any long-chain monobasic organic acid derived from hydrolysis of fats

fat·ty ac·id

(fat'ē as'id)
Any acid derived from fats by hydrolysis (e.g., oleic, palmitic, or stearic acids).

fatty acid,

n an organic acid produced by the hydrolysis of neutral fats.


1. sour.
2. a molecule or ion with a tendency to give up a proton to the solvent according to Bronsted and Lowry theory.
All acids react with bases to form salts and water (neutralization). Other properties of acids include a sour taste and the ability to cause certain dyes to undergo a color change. A common example of this is the ability of acids to change litmus paper from blue to red.
Acids play a vital role in the chemical processes that are a normal part of the functions of the cells and tissues of the body. A stable balance between acids and bases in the body is essential to life. See also acidic, acid-base balance, and individual acids.

amino acid
any one of a class of organic compounds containing the amino and the carboxyl group, occurring naturally in plant and animal tissues and forming the chief constituents of protein. See also amino acid.
bile a's
steroid acids derived from cholesterol. See also bile acids.
acid excretion
blood buffers prevent a sudden change in pH of body fluids when they receive excess acid or alkali from absorption or metabolic processes. This temporary measure is supplemented by a mechanism for the excretion of hydrogen ions via the kidney in the form of dihydrogen phosphate and ammonium ions.
fatty acid
any monobasic aliphatic acid containing only carbon, hydrogen and oxygen. See also fatty acids.
acid hydrolases
major group of enzymes present in lysosomes.
inorganic acid
an acid containing no carbon atoms.
keto a's
compounds containing the groups CO (carbonyl) and COOH (carboxyl).
acid methyl green stain
stains protozoal nuclei a bright green and is recommended for the detection of Balantidium coli in fecal smears.
nucleic a's
substances that constitute the prosthetic groups of the nucleoproteins and contain phosphoric acid, sugars, and purine and pyrimidine bases. See also nucleic acids.
acid phosphatase
see acid phosphatase.
acid retention
retention of metabolic acids, including sulfates and phosphates, as a result of acute and chronic renal disease.

Patient discussion about fatty acid

Q. Any dietitians here? Please tell me what are the different types of fatty acids available?

A. i'm not a dietitian either but i love reading about nutrition. so i can tell you that here are 2 families of essential fatty acids (fatty acids that our body cannot create by it's on).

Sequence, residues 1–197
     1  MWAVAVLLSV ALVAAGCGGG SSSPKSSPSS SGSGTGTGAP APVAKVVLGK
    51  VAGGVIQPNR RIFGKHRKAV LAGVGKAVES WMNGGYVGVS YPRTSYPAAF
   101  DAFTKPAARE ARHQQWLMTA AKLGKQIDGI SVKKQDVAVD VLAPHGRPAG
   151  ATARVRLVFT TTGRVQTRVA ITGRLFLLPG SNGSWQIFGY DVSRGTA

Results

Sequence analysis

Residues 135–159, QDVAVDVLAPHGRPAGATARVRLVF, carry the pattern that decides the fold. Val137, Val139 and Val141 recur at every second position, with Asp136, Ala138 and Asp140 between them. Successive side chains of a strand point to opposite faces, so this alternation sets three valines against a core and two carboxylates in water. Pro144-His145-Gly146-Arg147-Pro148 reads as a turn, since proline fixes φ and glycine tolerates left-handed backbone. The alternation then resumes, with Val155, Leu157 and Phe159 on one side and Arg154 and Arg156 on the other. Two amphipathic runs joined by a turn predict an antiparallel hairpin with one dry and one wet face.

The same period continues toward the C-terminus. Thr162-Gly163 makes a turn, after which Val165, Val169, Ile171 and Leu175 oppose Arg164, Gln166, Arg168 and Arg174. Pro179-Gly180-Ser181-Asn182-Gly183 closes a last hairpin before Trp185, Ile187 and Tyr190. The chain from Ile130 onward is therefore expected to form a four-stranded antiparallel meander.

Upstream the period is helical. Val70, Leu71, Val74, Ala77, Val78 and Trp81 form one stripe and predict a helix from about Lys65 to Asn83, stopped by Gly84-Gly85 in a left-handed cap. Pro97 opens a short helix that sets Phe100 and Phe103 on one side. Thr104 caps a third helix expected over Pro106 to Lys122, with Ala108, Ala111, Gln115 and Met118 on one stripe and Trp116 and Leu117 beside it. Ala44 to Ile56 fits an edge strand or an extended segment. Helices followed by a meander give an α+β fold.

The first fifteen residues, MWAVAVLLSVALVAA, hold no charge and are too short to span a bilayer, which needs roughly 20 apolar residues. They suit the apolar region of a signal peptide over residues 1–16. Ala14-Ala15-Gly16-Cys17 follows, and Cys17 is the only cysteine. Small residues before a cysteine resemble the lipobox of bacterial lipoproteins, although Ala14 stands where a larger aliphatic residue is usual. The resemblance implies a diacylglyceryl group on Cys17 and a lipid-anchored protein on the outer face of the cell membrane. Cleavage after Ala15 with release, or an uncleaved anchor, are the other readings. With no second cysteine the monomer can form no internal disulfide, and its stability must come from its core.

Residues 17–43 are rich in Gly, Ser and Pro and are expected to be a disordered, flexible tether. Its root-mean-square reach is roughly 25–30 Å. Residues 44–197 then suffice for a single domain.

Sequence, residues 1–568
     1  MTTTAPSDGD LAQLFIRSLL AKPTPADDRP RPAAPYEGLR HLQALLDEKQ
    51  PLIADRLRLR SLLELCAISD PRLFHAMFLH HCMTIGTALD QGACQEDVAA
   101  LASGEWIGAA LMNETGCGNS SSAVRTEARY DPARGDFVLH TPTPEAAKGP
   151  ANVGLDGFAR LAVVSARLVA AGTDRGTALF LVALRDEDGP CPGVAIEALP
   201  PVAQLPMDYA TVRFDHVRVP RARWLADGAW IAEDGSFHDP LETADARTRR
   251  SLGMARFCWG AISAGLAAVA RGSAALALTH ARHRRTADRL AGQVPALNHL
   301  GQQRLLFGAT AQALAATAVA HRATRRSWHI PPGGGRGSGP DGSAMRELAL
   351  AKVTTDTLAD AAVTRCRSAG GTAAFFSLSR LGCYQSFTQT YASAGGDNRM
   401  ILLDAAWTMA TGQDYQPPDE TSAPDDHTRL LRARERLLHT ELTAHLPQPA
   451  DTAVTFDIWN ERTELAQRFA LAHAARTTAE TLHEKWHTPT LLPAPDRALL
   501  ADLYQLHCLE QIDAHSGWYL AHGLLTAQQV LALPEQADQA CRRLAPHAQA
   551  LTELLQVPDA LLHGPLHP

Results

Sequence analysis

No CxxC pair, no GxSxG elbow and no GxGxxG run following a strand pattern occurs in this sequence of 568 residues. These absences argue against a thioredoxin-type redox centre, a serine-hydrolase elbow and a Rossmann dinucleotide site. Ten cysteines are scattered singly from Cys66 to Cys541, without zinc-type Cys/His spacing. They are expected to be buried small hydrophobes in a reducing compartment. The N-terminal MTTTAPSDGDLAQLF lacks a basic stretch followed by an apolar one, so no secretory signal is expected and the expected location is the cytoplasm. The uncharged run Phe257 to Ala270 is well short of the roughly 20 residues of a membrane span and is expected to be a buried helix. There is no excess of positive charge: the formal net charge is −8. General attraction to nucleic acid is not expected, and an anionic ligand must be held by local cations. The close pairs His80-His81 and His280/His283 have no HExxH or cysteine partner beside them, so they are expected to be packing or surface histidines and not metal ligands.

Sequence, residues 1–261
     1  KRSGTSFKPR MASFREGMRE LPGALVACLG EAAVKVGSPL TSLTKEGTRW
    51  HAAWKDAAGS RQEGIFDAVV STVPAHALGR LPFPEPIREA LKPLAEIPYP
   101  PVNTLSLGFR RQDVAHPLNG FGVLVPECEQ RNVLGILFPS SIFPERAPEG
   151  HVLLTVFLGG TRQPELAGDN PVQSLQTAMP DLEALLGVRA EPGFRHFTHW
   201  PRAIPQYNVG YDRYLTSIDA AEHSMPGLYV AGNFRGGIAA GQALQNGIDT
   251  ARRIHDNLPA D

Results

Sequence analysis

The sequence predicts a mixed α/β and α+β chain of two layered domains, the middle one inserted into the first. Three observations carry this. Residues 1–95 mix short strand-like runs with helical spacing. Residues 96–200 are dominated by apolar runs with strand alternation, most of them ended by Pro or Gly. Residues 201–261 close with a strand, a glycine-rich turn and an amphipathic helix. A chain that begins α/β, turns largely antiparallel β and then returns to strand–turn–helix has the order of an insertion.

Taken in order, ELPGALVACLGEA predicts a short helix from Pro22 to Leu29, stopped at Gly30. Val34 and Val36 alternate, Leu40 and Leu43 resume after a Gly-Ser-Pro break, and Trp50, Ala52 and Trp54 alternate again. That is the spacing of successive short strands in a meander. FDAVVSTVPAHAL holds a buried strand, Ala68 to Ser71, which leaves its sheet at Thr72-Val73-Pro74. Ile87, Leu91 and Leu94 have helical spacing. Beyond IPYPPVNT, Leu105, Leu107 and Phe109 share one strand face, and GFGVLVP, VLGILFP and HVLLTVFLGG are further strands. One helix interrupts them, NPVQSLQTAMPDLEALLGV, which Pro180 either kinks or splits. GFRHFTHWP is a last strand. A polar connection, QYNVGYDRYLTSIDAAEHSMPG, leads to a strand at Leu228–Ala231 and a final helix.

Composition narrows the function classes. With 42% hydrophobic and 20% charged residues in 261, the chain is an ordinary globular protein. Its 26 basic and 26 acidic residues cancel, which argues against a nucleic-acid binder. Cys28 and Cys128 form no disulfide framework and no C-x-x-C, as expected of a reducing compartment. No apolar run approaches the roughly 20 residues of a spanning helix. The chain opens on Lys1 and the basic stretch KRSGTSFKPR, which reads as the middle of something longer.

here is the wikipedia entry about them :

Q. Is Omega 3 fatty acids helps brain development of babies? There are all sorts of food supplements that add omega 3 to their baby formula. Is it helpful? Can it harm?


I found a nice video with a pediatrician that explain that exactly!!


More discussions about fatty acid
References in periodicals archive ?
Effect of genetic variants of the heart fatty acid-binding protein gene on intramuscular fat and performance traits in pigs.
Associations of heart and adipocyte fatty acid-binding protein gene expression with intramuscular fat content in pigs.
The fatty acid-binding protein, aP2, coordinates macrophage cholesterol trafficking and inflammatory activity.
Combined adipocyte-macrophage fatty acid-binding protein deficiency improves metabolism, atherosclerosis, and survival in apolipoprotein E-deficient mice.
Unraveling the significance of cellular fatty acid-binding proteins.
Assessment of coronary repertusion in patients with myocardial infarction using fatty acid-binding proteins concentrations in plasma.
Characterization, chromosomal localization, and genetic variation of the porcine heart fatty acid-binding protein gene.
The effect of adipocyte and heart fatty acid-binding protein genes on intramuscular fat and backfat content in Meishan crossbred pigs.
Similar to the use of heart-type fatty acid-binding protein (H-FABP) as a plasma marker for the rapid detection of cardiac injury (13,14), brain-type FABP (BFABP) and H-FABP (15) may be suitable markers for the detection of brain injury.
Serum concentrations of myoglobin vs human heart-type cytoplasmic fatty acid-binding protein in early detection of acute myocardial infarction.
Fatty acid-binding protein as a plasma marker for the estimation of myocardial infarct size in humans.
Serum concentration of myoglobin vs human heart-type cytoplasmic fatty acid-binding protein in early detection of acute myocardial infarction.